JOHN CHUCKMAN COMMENT: FOR THE MUSLIM WORLD IT”S NOT A SAFE OR EASY PATH TO MODERNITY – A COLUMN BEGS THE QUESTION OF WHEN IT IS EVER SO FOR ANY SOCIETY – SOME HISTORY   Leave a comment

 

 

 

 

JOHN CHUCKMAN

POSTED RESPONSE TO A COLUMN BY DOUG SAUNDERS IN TORONTO’S GLOBE AND MAIL

Sorry, the premiss of this piece is shabby.

There’s nothing special about “the Muslim world” which makes the path to modernity neither safe nor easy. Indeed, saying so, demonstrates not a good grasp of history and provides one more sad bit of evidence of the Islamophobia with which we are inundated.

Just a few hundred years ago, Christians were hacking each other into pieces and burning alive those who varied in some minute detail, such as the nature of the bread and wine at mass, in their faith.

Yet Europe today is generally regarded as the world’s most civilized and tolerant set of societies in the world, although the social impacts of heavy immigration are beginning to erode that view.

The path to modernity is never, never safe or easy, for anyone, and, truth be told, it is never finished. We are always playing catch-up in our laws with the social changes engendered by technical and economic change.

The idiot-savants at the Pentagon and the CIA would have us believe that you can just change an ancient society in a matter of years, but that belief is the equivalent of thinking you can remove an ancient, ailing oak tree from your yard with a hand scoop.

It took virtually all Western societies centuries to evolve even to the state of civilization we see now. The beginnings of the modern era go back about five centuries, a time span which reflects the emergence of a new standard in economic growth. Still, even those five centuries are filled with riots, revolutions, wars, and countless horrors.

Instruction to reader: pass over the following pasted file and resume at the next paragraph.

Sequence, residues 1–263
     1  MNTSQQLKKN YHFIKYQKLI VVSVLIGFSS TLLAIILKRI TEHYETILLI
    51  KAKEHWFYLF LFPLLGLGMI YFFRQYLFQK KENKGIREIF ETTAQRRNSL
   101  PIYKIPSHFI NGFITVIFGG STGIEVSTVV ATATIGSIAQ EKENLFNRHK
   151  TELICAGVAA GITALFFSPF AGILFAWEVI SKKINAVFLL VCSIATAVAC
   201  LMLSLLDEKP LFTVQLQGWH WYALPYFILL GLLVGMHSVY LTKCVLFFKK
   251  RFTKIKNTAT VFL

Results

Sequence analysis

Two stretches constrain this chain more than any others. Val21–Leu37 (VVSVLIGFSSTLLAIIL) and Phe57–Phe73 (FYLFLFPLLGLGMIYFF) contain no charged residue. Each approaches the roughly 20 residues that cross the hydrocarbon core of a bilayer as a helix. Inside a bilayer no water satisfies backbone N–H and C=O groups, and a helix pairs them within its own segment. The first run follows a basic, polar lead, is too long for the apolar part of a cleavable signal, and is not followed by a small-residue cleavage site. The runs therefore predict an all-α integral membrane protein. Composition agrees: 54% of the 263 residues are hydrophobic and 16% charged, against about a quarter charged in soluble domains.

Even in “the New World,” the United States took more than two centuries to become the approximation of a democracy we see today. In the wake of its Revolution, almost no one could vote, it being estimated that maybe one percent of Virginians could vote, blacks and women being excluded but also, often not appreciated, most white males. You had to have a certain amount of wealth to cast a ballot.

Even then, the Senate was appointed until 1913, the President was elected only by the Electoral College (a small group of the moneyed elites), the popular vote did not determine anything, and the Supreme Court dared not dream of enforcing the Bill of Rights across states so it remained an empty set of high-sounding words. It took decades of change and strife to get what we see today, including what was the bloodiest war ever experienced by Americans, the Civil War, in which it lost roughly twice the people it lost in WWII.

The immense turmoil and mass murders in getting votes and rights for blacks went on for most of the country’s history. In the 1920s, several black towns in Oklahoma and Florida were virtually wiped out by white mobs, the bodies of hundreds buried in mass graves.

Women only gained the vote in 1921 after a long and difficult struggle.

The truth is that democracy in some form and respect for human rights are virtually inevitable when an old society experiences consistent economic growth. Economic growth and the rise of a strong middle class act almost like a solvent on the customs and beliefs of old societies. It is a long process, and it is never without a good deal of pain.

Even in North America we are not through with the process of economic development affecting old ways: look at all the turmoil over matters like rising divorce rates, abortion rights, and gay marriage – all things which are necessary and, in a sense, inevitable for a free society which continues to grow and change.

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